Nouns are weird: translation exercises

Now that you have all that knowledge of nouns, we can actually do some noun-phrase translation. First, a couple of hints and examples.

Noun+Noun (N+N)

春+N: N in the spring(time); N affected by spring; spring N

月+N: moon N; lunar N; N of the moon; the moon’s N; moonlit N; N in the moonlight; N illuminated by the moon

EXAMPLES

春林: Forest in the springtime (this should make you think of flowers, birds chirping, Snow White?)

月林: the moonlit forest; the woods in the moonlight; the trees beneath the moon.

Two things. First, notice that these noun phrases are visual. The forest in the springtime is not like the forest in the winter, it implies a whole image of brightness, colors, etc. Second, the moon+forest phrase has a variety of translations that are not at all the same in English, but in Chinese such a phrase could mean all at the same time. This means that precision is not a priority in Classical Chinese, so for now just stick to the image of moonlight and trees/forest. 

And with these two phrases we’ve started to delve if only slightly into a very different use of language. I don’t actually know a lot about Classical Chinese, so I cannot make big claims, but I do think there are things “old” or “literary” forms of a language can teach us about a language and people. Perhaps because of the way I studied English at school, I believe that poetry and literature help us create emotional connections with a language. Even if you are not too interested in Classical Chinese, give its literature a try.

Back to noun phrase phrases. Sometimes, N+N phrases are actually just Noun1 and Noun2, like 山水which mean “Mountains and Rivers”. Your next question is probably, “How would I know when noun phrases should be translated with an and?” The simple and straight answer is, you don’t. But there is a small hint in that if the two nouns are classified under the same class of things they most likely will be an and phrase. For example, the moon and the sun are celestial bodies, so 日月 is sun and moon (remember ying and yang?).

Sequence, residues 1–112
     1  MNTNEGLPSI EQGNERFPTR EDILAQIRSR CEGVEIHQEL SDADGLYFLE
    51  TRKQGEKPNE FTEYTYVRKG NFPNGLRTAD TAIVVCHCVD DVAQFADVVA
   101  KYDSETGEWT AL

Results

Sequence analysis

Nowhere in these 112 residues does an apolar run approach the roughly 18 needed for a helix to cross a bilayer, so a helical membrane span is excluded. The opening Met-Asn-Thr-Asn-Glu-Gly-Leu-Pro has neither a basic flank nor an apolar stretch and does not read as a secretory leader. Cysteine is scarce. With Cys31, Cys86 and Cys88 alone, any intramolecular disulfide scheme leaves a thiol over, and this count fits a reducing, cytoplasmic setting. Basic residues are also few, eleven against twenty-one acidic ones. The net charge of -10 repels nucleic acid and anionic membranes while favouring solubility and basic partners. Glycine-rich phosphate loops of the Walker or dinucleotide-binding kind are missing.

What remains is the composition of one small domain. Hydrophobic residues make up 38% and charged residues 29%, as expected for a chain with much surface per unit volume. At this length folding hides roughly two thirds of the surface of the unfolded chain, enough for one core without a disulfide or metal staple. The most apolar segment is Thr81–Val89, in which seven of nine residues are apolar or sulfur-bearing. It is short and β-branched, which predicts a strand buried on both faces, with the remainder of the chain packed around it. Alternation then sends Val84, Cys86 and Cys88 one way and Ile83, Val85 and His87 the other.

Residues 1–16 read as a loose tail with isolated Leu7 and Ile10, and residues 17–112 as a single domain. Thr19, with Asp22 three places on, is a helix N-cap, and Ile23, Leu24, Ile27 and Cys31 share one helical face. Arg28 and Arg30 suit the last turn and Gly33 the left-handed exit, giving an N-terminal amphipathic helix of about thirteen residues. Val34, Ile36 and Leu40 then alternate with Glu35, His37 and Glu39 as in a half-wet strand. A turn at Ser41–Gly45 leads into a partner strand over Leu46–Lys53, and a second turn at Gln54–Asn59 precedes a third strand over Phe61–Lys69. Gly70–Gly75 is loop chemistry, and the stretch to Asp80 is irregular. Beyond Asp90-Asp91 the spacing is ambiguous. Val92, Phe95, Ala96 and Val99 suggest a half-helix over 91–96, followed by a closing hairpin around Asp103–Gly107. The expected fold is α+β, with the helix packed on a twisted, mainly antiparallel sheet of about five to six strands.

Translation exercises

Now with our expanded knowledge of noun phrases we can actually give some a try:

  1. 花林
  2. 水风
  3. 秋水
  4. 水月
  5. 夜山

These are actualy exercises from the book. I chose them because I thought they weren’t as easy as they seemed. If you want to check your answers and have some explanation from me here you go:

  1. This first one literally would be something like “flowered forest”, that is, a forest in which there are a lot of flowers. Of course Archie has a much more elegant translation “woodland in bloom”.
  2. Remeber that for a lot of noun phrases 水 refers more to rivers, so this would mean “river wind/breeze”. More poetically, it could be translated to “wind ruffling the water” (so much movement in nouns!).
  3. Going by the last translation this would be an “autumn river”, but that is a bit awkward so “rivers in autumn” would suit this phrase better.
  4. The first way to translate this phrase yields “river moon”. Going back to the notes at the beginning we realize it’s probably “river in the moonlight” or “river illuminated by the moon” and thus, “moon reflected on the water” seems to be our best bet.
  5. Again, this phrase demands more from our imagination. “Mountain in the night” could do, but how about “mountains shrouded in darkness”? Yeah, much better.

If you were discouraged from Chinese due to the weirdness of these noun phrases, don’t be. Remember, this is Classical Chinese. It’s like thinking that because you can’t read Shakespeare you will not be able to speak English. That would be silly. That said, actually being able to read a little Shakespeare will definitely give you some insight into English. Keep up your motivation and take up a challenge once in a while. 

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One response to “Nouns are weird: translation exercises

  1. Pingback: Mandarin Weekly #55 – Mandarin Weekly (每周中文)·

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